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Wizard Rundgren remains a truly weird star at Crest

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The title of Todd Rundgren’s 1973 concept album, A Wizard, A True Star, always seemed half true: A studio wizard he may have been, a one-man band with eclectic influences and an ear for a great hook, but he was never quite the star he aspired to be.

Indeed, Rundgren, who made his recorded debut as a member of The Nazz in 1967, always seemed just a year or two behind the true trendsetters, and a bit ahead of the curve when it came to stardom. Despite several early hits — "Hello It’s Me" and "I Saw the Light" positioned him as a singer-songwriter in the mold of Carole King or Elton John — his tendency to go off in five directions at once and a healthy skepticism about stardom itself seemed to push him in the direction of cult star rather than rock star.

Forty-two years and dozens of albums later, Rundgren remains a cult star, occasionally releasing albums but rarely selling many. But his cult is devoted and passionate, and Wednesday night he drew a half house of ravenous fanatics to the Crest Theatre in downtown Sacramento. The crowd of about 600 was fanatical, calling out to the singer between songs. One loutish fan even walked up to the apron of the stage to address Rundgren, who was in a mid-song vamp.

The draw wasn’t just Rundgren. The concert was promoted as a chance to hear him perform, start to finish, that same 1973 album, A Wizard, A True Star, known in its day as the longest single album ever released on one vinyl long player, at approximately 50 minutes. Most albums of the time topped out around 40.

More a collection of electronics-mad moments or melodic flights of fancy than fully-realized songs — one string of five songs are barely a minute each — it was a curiosity then and remains so now. Wizard came out the same year as The Dark Side of the Moon, Quadrophenia, Aladdin Sane, Goodbye Yellow Brick Road, Band on the Run and Houses of the Holy; any album would have a hard time standing out. That Wizard, with its dye-cut cover (a Dali-esque portrait of Rundgren) and lacking a hit single, did even reasonably well was no mean feat.

Wednesday night, 36 years after its release, Wizard got another chance. The music, now extending well over an hour, came across powerfully. Freed of studio wizardry and abrupt edits, and of the density of the original studio sound, the music had a chance to breathe, and Rundgren’s six-piece band, featuring old Utopia bandmate Kasim Sultan on bass and vocals, as well as Tubes drummer Prairie Prince, managed most of the tricky changes and bizarre shifts in tempo and tone.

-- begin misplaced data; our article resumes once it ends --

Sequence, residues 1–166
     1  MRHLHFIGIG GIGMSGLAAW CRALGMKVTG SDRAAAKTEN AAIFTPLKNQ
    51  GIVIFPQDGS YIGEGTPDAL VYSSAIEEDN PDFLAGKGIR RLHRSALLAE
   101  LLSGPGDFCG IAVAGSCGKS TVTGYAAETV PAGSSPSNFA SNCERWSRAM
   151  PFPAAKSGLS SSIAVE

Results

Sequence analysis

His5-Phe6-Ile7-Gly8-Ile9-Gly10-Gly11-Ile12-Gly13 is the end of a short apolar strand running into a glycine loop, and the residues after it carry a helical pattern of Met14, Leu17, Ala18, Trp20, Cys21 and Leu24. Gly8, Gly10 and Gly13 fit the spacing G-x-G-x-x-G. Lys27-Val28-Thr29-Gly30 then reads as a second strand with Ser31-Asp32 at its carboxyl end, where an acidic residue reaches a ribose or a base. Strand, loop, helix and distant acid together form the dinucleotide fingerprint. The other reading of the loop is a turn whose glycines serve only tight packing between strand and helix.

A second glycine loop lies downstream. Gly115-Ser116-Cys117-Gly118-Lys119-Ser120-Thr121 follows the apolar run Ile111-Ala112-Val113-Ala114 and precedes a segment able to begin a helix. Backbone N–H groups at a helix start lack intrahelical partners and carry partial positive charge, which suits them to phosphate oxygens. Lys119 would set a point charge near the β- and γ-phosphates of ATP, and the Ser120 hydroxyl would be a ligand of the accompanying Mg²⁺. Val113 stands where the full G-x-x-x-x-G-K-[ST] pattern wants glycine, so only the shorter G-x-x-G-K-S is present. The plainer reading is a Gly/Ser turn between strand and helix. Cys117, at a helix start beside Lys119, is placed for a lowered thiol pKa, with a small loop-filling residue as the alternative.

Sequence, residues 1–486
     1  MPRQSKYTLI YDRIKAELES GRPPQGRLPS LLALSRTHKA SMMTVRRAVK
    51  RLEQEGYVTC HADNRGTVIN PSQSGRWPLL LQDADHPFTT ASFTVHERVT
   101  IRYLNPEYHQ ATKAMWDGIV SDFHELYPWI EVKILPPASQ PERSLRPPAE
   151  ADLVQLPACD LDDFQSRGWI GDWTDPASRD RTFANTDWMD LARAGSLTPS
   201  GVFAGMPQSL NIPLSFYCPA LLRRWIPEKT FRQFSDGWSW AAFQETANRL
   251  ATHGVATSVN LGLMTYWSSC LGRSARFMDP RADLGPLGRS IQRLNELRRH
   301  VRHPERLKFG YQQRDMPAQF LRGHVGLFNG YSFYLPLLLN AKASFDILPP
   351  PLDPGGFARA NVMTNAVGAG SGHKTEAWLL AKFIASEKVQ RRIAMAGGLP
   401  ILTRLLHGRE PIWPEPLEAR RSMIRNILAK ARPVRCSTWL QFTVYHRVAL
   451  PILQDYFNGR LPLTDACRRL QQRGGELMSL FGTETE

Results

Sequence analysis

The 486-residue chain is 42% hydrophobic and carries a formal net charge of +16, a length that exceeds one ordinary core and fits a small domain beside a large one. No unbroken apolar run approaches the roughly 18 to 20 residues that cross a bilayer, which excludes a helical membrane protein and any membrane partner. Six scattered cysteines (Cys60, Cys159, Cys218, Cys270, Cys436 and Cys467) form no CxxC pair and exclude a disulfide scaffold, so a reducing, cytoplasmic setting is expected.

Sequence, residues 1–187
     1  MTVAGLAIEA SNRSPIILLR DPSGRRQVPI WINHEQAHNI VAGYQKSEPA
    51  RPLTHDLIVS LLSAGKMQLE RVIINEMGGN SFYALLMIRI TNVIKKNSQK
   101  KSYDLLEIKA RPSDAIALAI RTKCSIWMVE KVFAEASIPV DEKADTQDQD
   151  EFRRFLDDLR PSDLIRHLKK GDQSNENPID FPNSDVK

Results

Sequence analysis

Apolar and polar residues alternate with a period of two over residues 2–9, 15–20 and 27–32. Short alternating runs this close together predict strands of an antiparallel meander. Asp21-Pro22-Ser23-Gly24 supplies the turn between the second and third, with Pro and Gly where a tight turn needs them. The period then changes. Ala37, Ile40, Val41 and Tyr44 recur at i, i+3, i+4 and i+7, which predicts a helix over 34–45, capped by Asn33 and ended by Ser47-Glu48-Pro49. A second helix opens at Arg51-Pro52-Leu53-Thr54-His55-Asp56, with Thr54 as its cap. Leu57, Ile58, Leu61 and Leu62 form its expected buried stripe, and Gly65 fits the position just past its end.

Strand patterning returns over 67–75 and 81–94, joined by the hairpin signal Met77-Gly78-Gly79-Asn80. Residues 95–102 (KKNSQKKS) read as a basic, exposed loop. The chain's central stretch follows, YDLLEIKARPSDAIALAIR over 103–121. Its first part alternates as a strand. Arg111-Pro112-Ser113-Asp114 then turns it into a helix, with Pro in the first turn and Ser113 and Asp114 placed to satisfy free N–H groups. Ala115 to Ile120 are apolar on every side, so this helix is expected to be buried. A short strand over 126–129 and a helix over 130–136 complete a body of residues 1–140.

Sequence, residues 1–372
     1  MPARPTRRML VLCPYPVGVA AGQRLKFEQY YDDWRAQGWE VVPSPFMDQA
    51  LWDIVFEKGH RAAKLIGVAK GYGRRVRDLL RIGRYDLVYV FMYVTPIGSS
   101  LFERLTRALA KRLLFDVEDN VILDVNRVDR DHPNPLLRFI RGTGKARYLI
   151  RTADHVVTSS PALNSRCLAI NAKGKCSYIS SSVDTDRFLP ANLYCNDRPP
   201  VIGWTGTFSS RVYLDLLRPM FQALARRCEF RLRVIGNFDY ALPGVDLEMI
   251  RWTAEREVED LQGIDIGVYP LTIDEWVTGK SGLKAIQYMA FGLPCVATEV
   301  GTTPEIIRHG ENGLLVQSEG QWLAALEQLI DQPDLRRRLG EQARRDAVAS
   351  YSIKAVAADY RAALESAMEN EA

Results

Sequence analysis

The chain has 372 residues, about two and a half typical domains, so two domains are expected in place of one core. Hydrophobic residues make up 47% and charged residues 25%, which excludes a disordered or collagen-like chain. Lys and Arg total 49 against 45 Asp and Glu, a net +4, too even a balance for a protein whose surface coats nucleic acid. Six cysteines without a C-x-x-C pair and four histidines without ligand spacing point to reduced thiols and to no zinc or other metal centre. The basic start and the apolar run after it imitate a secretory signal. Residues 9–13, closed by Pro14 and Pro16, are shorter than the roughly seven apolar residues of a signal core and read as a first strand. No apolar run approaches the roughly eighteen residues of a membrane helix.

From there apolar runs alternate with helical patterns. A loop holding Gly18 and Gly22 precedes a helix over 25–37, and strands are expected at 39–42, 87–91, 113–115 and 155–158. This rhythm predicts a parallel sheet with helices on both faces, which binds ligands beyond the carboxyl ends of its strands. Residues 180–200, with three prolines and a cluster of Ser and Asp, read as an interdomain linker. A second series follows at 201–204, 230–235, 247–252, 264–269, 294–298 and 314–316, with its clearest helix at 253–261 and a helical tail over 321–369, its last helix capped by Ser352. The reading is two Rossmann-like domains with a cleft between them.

That wasn’t always easy. Rundgren’s tastes, rooted in The Beatles’ psychedelia and the orchestral soul of his native Philadelphia, had become informed over the years by the weird time signatures and tonalities of Frank Zappa’s work — "Cool Jerk" in 7/4 anyone? — as well as the burgeoning glam rock of the early ’70s. And then there was that whole singer/songwriter thing.

And Rundgren’s rather dour sense of humor and irony (one refrain goes "You want the obvious/You’ll get the obvious") tends to undercut much of what he does on an emotional level. Though he sang such soulful numbers as "Sometimes I Don’t Know What to Feel" and a soul medley that included the chestnut "La-La-La Means I Love You," Rundgren maintained an emotional distance that verged on cold at points. One is always aware that he is performing, most likely with tongue in cheek.

In that respect, Rundgren didn’t help himself with the frequent costume changes that struck this viewer as something out of community theatre gone wrong. He emerged during the opening "International Feel" in an astronaut’s spacesuit, and subsequent songs saw him in a red fat suit (inflated on one song, deflated on the next), an orange leisure suit and a Isaac Hayes-inspired satin-and-skin ensemble that looked ridiculous on Rundgren.

Still, the costumes were part of the fun, and evocative of the crazy-quilt of Wizard. A studio-inspired and electronically-created album, it came off better live than might have been expected. The pacing of the album, played mostly in its original sequence, lent itself to live performance. Musical peaks and lulls came through beautifully. Even the odd little between-song instrumentals and sonic tangents served to give Rundgren time for costume changes, and a chance for the band to show off.

By the time he and the band got to the soaring refrain of "International Feel" and then to the album’s closing number, "Just One Victory," the evening was complete. A powerfully emotional anthem to hope, the song is free of irony and self-conscious wit, going to the core of ’70s soul’s optimism. It has long been Rundgren’s show-closer, but set in its original context at the end of Wizard, it was even more moving.

Rundgren may remain mostly a cult star, but to have maintained that cult for three-plus decades is quite an accomplishment. And it should be said that Wednesday night’s show, as rich as it was, neglected at least a dozen classic Rundgren songs. Even as part of the very short tour of Wizard, Wednesday night was a chance to celebrate not just an album, but the career of a man who, while perhaps not a wizard, is certainly a talented magician.


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